Actually, National DID want national tests, but these were absolutely (and correctly) opposed by the NZEA (the primary teachers’ union). Anywhere they use national tests they have been shown to narrow the curriculum, lead to teaching to the test (learning should drive assessment, not the other way around) and often morph into a mechanism for performance pay, giving further incentives for teachers to narrow down and focus on the tests.

      Theoretically, primary teachers use “naturally occurring evidence”. For this to be effective, there needs to be a massive input in terms of professional development, resources and exemplars and ongoing moderation systems. It took years of training and learning for those of us in the secondary system to get up to speed with internal assessment for NCEA, and there is significant oversight from full-time moderators. There has been nothing like this level of input for primary teachers. It’s hardly surprising that there’s significant leeway in how the standards are interpreted.

      Even if implemented properly, national standards were never going to be the silver bullet that they were presented as. As it is, they are little more than a (bad) joke.

      • One Anonymous Bloke 3.2.1

        “Implemented properly” – there isn’t a proper way to administer a bad idea. International best practice is for no testing until the end of high school.

  4. JanM 4

    Narrowing the curriculum like this is a sure-fire method of dumbing it down.
    Now ask yourselves; why would a government want to do that, do you think? Whose interests are served by dumbing us down?

    • One Anonymous Bloke 4.1

      It isn’t the dumbing down that makes a profit: it’s the printing and marking of all those test forms, and the endless “research” that must be paid for, and the party donations that are tax deductible.

      And the private prisons to house the results.

    • Draco T Bastard 4.2

      +1

      National must know that they’re destroying our education system and so we need to ask just who they’re destroying it for.

      • JanM 4.2.1

        Exactly – it’s much easier to distract the semi-educated with ‘bread and circuses’ while you get on with ‘sheepgate’, housing crisis et al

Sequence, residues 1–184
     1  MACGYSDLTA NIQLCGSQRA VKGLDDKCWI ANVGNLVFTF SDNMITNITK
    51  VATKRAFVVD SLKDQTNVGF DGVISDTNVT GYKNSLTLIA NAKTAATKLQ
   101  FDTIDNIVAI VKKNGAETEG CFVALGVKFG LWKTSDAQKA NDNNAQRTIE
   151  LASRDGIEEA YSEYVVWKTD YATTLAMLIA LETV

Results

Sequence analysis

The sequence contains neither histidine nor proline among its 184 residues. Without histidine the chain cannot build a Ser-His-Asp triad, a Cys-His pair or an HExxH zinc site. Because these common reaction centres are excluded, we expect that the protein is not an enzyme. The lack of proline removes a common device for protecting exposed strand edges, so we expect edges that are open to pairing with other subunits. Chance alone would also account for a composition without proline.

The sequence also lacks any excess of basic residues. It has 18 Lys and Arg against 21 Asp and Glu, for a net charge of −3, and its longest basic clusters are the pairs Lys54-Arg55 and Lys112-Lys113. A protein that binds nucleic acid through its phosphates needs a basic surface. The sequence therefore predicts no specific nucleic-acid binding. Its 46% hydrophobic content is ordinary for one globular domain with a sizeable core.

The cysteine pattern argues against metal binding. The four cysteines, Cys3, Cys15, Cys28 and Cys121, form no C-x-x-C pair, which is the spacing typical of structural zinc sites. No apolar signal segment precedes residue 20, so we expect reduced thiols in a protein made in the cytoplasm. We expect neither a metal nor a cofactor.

5. Chooky 5

    Great Post….and no surprises here…this jonkey nact government is both incompetent and destructive of New Zealand’s education system

    ….I wonder how long it will be before there a mass demonstrations in the streets…this jonkey nact government is failing new Zealanders on so many levels

    • Draco T Bastard 5.1

      They’re not incompetent – they’re working to a well oiled plan to shift the ownership of NZ in to the hands of the rich and it’s working perfectly.

      • Molly 5.1.1

        +100.

        Alongside this project has been the increase in private school funding.

        Not only destroying public education, but making sure private schools are further enriched.

  6. People who think National are incompetent should think again.

    Yes, if you are talking about their supposed desire to make New Zealand a better place, yes they are definitely incompetent. But don’t you see a smoke screen here – a smelly eddying mass of toxic smoke caused by – to quote Helen Clarks concession speech on election night 2008 – throwing New Zealand onto the “bonfire of right wing politics”.

    And if you can see that smokescreen, then no, they are not incompetent. Behind that smokescreen is a well thought out plan being executed, and as Draco and others have indicated, it is working beautifully.

  7. georgy 7

    This study commissioned by the MoE clearly demonstrates the problem of national standards that were articulated as far back as 2009 – and is developing as predicted. The study is interesting – the differences between the so called ‘tool’ and the teachers judgements points to both being inadequate for this purpose. I would place more reliability on the teachers judgements however, but such judgements cannot be used in a statistical manner hence the unreliability as collated data.

    The whole debacle around national standards has done huge damage to the education system and a critical point has probably been met whereby the ‘system’ cannot go back. A new government will have a big challenge on its hands sorting this all out and resetting the curriculum into a wholistic learner oriented one.